Working in allied health means there are many career opportunities within the field, especially in radiology and imaging. From radiation therapists to certified surgical technologists, the allied health field provides a broad range of positions that play a vital role in the healthcare industry.
This blog covers everything from what radiology and imaging is, the personality traits needed for the job, descriptions of each of the disciplines within the field, and much more! To learn more about allied health you can read our blog, What is Allied Health?
What is Radiology and Imaging?
When most people think of radiology and imaging they think of x-rays, however, there are many other disciplines that deal with different types of imaging exams, such as magnetic resonance imaging (MRI), computed tomography scan (CT scan), ultrasound, and positron emission tomography scan (PET scan) (Health Images, n.d.). According to the U.S. National Library of Medicine, “Radiology is a branch of medicine that uses imaging technology to diagnose and treat disease,” (Medline Plus, n.d.).
When pursuing a career in radiology and imaging, there are a few options regarding education. The two most common programs are an Associate of Applied Science (A.A.S.) degree and a Bachelor of Science (B.S.) degree. If you are interested in specializing in a certain field within radiology, such as an MRI or vascular tech, then further education will be required. Depending on the specialization, this would likely consist of certification requirements, continued education, and advanced training. Healthcare professionals looking to further advance their careers may consider getting a master’s degree in radiology and some might even pursue their doctoral degree.
Common soft skills that are needed in this field include attention to detail, effective communication, attentive listening, and computer knowledge. Skills that are necessary, but more specifically tailored to the field include radiation safety, ability to develop radiographic images from exams, and basic life support.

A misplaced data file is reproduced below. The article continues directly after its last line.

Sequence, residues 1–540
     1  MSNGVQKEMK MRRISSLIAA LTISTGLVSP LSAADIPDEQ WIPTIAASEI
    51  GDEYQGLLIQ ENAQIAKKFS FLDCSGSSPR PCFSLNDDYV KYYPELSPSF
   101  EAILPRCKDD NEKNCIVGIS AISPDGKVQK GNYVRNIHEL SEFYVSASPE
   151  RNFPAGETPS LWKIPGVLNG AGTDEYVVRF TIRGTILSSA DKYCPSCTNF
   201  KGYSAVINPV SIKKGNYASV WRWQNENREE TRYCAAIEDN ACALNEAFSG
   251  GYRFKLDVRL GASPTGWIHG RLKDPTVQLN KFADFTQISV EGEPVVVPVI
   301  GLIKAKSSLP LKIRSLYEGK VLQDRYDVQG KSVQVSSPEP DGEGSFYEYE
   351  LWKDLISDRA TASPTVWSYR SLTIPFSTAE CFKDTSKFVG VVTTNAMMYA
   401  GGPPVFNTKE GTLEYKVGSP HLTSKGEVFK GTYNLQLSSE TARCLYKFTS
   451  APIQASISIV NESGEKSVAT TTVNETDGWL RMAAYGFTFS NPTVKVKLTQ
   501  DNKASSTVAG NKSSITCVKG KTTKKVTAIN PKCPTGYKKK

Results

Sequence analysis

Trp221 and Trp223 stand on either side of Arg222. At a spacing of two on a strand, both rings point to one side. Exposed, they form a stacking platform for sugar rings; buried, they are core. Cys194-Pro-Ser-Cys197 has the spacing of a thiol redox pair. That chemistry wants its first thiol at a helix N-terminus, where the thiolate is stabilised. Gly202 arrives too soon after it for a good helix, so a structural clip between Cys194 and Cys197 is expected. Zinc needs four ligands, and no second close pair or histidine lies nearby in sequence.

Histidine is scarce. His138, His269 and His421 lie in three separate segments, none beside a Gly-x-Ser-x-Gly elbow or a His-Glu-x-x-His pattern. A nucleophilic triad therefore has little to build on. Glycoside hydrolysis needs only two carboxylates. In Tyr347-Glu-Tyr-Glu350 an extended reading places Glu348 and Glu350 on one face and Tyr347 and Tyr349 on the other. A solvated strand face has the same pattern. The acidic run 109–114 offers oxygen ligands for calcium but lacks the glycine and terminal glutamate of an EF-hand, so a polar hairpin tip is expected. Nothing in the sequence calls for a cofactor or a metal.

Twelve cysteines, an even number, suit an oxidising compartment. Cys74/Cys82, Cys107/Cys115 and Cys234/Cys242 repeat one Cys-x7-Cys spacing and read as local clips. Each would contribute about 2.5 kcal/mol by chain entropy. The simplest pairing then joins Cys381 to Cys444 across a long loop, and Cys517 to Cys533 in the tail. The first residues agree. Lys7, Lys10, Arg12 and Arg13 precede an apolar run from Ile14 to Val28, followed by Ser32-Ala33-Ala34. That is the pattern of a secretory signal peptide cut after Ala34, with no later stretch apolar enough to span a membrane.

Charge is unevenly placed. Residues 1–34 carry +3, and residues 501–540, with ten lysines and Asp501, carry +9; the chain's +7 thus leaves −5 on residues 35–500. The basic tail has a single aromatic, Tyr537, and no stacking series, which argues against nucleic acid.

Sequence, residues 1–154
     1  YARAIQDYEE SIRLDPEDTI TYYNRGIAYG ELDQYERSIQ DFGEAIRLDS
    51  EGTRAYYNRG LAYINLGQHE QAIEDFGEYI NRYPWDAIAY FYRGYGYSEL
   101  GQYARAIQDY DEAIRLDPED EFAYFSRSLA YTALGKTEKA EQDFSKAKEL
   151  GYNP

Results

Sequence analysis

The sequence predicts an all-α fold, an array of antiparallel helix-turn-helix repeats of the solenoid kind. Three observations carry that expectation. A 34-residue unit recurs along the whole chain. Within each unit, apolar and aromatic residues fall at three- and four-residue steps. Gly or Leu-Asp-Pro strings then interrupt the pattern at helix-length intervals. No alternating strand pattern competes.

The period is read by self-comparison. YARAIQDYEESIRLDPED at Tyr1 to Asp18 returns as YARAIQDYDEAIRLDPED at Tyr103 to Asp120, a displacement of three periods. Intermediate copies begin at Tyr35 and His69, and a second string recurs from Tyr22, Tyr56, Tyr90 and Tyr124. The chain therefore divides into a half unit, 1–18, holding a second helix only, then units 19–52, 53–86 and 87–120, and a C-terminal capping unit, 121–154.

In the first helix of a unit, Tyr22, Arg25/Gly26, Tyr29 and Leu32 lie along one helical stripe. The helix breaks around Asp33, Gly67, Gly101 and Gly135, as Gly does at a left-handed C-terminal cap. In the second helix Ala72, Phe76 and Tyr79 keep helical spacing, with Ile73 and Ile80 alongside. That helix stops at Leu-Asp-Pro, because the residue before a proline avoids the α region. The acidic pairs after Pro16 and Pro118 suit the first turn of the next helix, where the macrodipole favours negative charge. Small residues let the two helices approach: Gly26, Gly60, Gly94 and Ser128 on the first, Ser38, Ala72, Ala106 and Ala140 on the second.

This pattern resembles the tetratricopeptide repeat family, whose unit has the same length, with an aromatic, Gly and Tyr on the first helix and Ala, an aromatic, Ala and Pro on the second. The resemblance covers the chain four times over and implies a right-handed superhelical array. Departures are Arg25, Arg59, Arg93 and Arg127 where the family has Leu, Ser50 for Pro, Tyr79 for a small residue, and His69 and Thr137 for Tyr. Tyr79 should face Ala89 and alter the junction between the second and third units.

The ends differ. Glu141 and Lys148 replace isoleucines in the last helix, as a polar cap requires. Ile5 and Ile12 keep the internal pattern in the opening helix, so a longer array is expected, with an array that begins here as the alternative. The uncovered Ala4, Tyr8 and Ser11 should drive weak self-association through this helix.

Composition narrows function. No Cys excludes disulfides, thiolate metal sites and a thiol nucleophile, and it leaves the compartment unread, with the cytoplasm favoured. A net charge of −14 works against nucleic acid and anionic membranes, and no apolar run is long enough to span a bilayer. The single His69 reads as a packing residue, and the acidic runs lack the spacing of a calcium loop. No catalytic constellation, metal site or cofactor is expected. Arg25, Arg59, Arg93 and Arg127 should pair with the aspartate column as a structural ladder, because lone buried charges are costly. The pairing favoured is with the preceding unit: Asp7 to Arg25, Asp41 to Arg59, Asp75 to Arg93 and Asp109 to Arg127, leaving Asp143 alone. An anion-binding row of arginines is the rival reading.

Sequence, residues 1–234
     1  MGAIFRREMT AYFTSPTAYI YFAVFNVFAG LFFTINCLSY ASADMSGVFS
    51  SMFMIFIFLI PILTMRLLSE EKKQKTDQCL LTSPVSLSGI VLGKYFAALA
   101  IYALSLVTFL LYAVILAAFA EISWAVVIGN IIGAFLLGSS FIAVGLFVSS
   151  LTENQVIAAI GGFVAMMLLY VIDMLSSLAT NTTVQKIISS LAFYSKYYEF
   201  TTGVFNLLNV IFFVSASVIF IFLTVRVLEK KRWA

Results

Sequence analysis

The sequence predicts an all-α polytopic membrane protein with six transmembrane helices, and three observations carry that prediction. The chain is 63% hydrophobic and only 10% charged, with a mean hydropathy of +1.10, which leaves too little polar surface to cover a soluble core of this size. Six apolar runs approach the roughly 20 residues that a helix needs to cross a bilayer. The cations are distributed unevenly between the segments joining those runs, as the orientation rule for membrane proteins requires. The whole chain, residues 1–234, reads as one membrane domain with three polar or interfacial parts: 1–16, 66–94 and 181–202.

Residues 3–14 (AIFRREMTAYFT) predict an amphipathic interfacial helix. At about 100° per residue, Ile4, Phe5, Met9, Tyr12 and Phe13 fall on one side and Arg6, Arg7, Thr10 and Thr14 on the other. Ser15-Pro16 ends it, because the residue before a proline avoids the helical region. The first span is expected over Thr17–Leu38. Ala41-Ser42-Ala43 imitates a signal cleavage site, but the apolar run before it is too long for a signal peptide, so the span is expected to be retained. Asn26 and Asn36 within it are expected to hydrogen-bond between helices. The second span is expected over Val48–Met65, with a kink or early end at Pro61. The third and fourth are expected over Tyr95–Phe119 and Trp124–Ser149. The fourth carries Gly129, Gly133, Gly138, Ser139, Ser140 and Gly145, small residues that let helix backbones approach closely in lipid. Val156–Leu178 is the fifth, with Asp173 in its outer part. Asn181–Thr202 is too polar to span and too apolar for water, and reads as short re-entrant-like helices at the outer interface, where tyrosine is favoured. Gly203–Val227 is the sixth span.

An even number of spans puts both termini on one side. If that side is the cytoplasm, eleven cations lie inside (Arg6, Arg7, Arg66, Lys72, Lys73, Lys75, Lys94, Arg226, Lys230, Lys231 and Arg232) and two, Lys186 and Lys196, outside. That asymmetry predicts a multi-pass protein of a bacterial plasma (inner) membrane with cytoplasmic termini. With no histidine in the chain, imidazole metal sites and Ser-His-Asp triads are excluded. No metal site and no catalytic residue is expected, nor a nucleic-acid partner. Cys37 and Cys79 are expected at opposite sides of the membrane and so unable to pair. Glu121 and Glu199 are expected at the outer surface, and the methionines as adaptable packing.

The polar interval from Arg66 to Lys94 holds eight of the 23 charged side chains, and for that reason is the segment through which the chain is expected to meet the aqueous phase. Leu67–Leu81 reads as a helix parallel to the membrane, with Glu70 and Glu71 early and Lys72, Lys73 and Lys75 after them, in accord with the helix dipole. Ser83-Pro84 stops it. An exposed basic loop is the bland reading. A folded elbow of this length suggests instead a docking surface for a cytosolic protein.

Before considering a career in radiology and imaging, it may be helpful to see if your personality aligns with those that are already practicing in the field. Healthcare professionals working in radiology and imaging have been characterized as patient, compassionate, communicative, analytical, and attentive (All Allied Health Schools, n.d.). While these personality traits are not required for an allied healthcare professional in radiology and imaging, the traits are beneficial.
Healthcare professionals in radiology have several different options for work settings. For instance, many of these healthcare professionals work in physicians’ offices, outpatient care centers, diagnostic labs, research centers, imaging facilities, and the radiology department of hospitals (BestColleges Staff Writer, 2023).
Disciplines within Radiology and Imaging
Because of the many disciplines within the radiology field, healthcare professionals have the option to choose from a variety of different areas to practice in. There are even several opportunities for career growth in certain disciplines. Read below to learn more about the large variety of jobs in radiology and imaging.
Radiology Technologist and X-ray Technologist
Also referred to as radiographers, radiology and x-ray techs often perform similar tasks. These healthcare professionals use x-rays to examine certain parts of a patient's body. Radiology technologists play a vital role in the examination process and preparing patients, placing their bodies in correct positions, and operating the equipment used to take the x-ray (Mayo Clinic College of Medicine and Science, n.d.). Once you start your career as a radiology or x-ray technician, you can advance to specialties such as an MRI or CT technologist.
Magnetic Resonance Imaging Technologist
An MRI technologist’s main role is to take pictures of the inside of a person's body by operating magnetic resonance imaging (MRI) technology (Coursera, 2023). By doing this, MRI technologists can detect if the patient has health problems such as tumors, spinal injuries, joint disease, and more (Better Health Channel, 2007).
Computed Tomography Technologist
A computed tomography (CT) technologist is also a specialty within the radiology field. An article titled, “CT Technologist – Career, Salary, and Education Guide” states, “Computed tomography (CT), also known as computed axial tomography (CAT), is a non-invasive diagnostic procedure that uses X-rays (ionizing radiation) to capture images of internal portions of the body. A CT scan differs from more basic X-rays in that it takes cross-sectional images of organs, bones and other internal structures,” (Ultrasound Schools Info, n.d.).